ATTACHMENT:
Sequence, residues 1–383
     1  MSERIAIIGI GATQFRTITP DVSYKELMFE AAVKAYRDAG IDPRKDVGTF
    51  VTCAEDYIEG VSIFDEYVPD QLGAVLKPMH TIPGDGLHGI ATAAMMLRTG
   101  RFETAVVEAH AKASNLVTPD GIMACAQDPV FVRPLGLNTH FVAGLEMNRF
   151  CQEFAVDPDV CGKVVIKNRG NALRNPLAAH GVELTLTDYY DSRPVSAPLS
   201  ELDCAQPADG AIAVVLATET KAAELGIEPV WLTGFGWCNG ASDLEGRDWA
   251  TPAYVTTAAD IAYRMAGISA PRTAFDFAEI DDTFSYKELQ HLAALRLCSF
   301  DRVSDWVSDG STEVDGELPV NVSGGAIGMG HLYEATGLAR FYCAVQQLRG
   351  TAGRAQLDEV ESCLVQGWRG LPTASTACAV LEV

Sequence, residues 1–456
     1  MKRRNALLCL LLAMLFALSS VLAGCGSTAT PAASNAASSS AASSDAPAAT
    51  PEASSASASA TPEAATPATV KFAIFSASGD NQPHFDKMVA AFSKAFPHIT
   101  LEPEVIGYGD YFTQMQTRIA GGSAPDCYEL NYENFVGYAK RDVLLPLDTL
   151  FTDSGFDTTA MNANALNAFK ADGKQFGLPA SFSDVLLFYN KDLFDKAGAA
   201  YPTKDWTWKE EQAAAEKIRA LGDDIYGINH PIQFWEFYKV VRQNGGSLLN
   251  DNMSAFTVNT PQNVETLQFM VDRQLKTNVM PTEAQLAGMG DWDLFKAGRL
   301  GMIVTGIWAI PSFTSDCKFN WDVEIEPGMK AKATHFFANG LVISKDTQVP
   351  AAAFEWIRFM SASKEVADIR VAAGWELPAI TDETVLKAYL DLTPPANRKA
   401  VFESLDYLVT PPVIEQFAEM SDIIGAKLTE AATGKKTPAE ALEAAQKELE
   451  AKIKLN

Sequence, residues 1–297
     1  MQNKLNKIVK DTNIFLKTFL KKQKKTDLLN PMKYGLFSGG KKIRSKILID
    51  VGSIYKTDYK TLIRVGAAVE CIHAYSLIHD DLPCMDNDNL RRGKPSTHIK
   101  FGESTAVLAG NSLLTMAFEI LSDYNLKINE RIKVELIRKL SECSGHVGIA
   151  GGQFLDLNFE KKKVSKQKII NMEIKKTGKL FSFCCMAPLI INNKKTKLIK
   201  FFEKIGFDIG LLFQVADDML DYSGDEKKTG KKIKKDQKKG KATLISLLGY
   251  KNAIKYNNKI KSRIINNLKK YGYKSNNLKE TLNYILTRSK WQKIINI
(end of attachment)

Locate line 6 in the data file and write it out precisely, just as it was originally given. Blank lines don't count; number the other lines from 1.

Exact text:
   201  ELDCAQPADG AIAVVLATET KAAELGIEPV WLTGFGWCNG ASDLEGRDWA